to deal in
to do business: John deals in timber. He’s got big business interests in Siberia.
to deal with
to be about something: The article deals with various tax and foreign exchange issues.
to take action with regard to something: The bank just called me about the interest payment. Apparently something’s wrong. It’s really annoying as I thought I’d dealt with that yesterday.
to dial in
to join a teleconference: If you have any problems, your IT helpdesk will be able to help you dial in to the call.
to die down
to decrease or become quieter: We faced some difficult questions when the scandal broke, but now it’s beginning to die down and we’re able to return to business as usual.
to dig up
to find information: Check the internet and see what you can dig up about their involvement in the transaction.
to dip into
to read parts of something: I’ve dipped into the book, but I haven’t read it all.
to spend some savings: If profits don’t improve next month I’m afraid we’ll have to dip into savings to keep the company afloat.
to dive in
to do something without much planning: Sorry everybody, but due to time pressure we’re going to have to dive straight into this project.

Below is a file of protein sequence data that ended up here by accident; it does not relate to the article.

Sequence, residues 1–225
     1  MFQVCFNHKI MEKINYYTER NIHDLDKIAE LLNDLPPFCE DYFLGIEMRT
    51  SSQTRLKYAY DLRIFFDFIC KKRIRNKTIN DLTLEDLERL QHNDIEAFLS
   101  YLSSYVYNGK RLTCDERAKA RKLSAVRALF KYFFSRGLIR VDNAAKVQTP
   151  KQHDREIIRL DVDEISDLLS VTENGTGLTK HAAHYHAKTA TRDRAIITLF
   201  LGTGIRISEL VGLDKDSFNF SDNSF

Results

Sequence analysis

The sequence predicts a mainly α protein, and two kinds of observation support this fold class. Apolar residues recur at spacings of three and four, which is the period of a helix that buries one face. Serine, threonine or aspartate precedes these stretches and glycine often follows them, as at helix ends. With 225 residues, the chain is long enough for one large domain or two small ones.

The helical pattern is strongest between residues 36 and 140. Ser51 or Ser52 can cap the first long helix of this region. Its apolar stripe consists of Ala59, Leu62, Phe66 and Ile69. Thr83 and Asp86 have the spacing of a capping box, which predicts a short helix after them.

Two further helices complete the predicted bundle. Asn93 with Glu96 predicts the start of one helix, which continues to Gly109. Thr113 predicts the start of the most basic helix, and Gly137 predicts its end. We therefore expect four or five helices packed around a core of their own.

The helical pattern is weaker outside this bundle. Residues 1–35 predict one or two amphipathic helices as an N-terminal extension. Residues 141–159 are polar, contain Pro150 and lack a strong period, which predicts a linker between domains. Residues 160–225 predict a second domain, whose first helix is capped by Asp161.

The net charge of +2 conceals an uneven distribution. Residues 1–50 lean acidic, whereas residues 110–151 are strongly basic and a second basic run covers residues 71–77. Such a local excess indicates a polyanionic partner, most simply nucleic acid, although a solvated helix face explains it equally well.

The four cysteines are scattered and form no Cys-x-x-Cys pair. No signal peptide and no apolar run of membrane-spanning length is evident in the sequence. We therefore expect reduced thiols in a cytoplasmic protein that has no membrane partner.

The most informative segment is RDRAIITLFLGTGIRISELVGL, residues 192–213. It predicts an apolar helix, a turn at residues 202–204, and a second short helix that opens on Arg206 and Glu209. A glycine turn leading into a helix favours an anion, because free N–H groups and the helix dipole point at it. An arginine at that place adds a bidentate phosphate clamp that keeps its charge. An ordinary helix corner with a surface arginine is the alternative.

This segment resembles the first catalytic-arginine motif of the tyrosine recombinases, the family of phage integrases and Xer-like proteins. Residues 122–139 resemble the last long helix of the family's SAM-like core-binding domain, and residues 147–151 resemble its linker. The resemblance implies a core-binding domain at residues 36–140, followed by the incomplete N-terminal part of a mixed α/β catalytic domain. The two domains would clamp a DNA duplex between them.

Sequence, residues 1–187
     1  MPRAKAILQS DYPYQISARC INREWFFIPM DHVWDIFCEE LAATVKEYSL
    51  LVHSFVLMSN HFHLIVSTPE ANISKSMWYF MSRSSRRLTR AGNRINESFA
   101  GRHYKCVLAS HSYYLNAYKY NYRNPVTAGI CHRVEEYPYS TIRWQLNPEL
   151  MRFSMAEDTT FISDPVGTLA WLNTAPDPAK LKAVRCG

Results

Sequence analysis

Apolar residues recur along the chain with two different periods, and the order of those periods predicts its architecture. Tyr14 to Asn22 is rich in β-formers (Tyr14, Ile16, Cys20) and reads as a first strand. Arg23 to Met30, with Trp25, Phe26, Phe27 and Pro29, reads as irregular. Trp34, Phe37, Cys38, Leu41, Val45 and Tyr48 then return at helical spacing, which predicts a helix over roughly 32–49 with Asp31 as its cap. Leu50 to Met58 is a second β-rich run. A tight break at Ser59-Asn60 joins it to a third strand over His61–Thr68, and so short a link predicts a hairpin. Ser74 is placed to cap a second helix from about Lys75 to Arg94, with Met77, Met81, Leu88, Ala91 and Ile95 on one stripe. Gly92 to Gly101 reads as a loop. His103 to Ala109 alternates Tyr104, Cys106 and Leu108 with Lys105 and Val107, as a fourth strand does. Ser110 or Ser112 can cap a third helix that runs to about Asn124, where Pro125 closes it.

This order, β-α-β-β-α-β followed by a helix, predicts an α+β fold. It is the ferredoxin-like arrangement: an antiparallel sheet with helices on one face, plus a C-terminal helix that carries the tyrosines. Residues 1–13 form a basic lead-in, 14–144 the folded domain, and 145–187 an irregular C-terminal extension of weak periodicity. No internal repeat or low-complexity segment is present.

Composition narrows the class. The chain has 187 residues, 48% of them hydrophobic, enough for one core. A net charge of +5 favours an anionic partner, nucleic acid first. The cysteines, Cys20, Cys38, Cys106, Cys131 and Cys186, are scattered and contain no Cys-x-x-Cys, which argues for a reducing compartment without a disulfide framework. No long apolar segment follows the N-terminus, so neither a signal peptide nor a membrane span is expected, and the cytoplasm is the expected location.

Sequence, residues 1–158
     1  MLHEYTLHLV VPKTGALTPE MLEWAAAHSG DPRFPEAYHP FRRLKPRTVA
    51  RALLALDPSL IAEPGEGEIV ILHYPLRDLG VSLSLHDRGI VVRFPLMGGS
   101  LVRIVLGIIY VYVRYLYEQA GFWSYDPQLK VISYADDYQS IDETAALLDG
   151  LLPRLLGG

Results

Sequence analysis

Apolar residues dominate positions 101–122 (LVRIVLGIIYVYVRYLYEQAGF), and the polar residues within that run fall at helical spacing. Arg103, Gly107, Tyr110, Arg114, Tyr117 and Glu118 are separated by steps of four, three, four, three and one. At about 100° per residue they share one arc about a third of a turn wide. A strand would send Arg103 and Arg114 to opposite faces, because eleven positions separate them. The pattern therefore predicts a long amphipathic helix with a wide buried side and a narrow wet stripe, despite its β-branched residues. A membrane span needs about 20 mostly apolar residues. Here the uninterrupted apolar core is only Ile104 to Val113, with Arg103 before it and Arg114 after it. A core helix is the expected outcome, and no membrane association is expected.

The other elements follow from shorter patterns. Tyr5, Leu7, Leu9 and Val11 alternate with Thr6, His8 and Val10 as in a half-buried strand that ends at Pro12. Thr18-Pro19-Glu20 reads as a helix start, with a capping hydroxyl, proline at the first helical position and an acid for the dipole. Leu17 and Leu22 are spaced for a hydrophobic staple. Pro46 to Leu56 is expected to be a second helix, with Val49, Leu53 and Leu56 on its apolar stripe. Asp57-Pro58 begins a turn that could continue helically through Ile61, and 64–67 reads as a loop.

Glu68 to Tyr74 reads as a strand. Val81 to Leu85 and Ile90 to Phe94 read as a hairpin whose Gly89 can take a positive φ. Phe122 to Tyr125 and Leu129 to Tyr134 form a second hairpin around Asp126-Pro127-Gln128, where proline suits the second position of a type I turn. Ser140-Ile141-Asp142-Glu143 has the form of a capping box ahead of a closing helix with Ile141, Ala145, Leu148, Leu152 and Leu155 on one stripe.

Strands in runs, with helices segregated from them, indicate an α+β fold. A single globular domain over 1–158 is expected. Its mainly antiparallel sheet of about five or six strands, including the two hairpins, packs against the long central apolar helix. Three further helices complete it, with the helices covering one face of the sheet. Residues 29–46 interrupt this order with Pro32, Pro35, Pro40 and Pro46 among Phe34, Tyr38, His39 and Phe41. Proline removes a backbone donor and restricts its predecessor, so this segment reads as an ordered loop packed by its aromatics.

to do away with
to get rid of: I don’t believe they’ve done away with the entire contractual clause. I suggested they only delete the final sentence.
to do without
to manage without someone/something: Dave has just called in sick. He says he’ll be off work all week, so we’ll just have to do without him.
to double as
to have a second function: As Dave’s away, Jack will double as graphic designer this week.
to drag on
to be unnecessarily long: The CEO’s speech dragged on for ages. I nearly fell asleep.
to draw down
to reduce or deplete by consuming or spending: We can deal with the deficit by drawing down our cash reserves.
Similarly the compound noun “drawdown” means the act/process of a reducing or depleting.
to draw into
to become involved in something negative: Don’t let them draw you into something you might regret.
to draw on/upon
to make use of something: We hope to draw on Rebecca’s vast experience in the telecommunications sector.
to draw (something) up
to prepare documents: We’ll ask the lawyers to draw up all the relevant documentation.
to drive up
to make something increase: The rise in the oil price is likely to drive up commodity prices.
to drop in/round/over:
to visit: If you could drop round to the office tomorrow we’ll sign all the necessary papers.
to drum up
to obtain support/interest: Do you think you can drum up support for this idea at head office?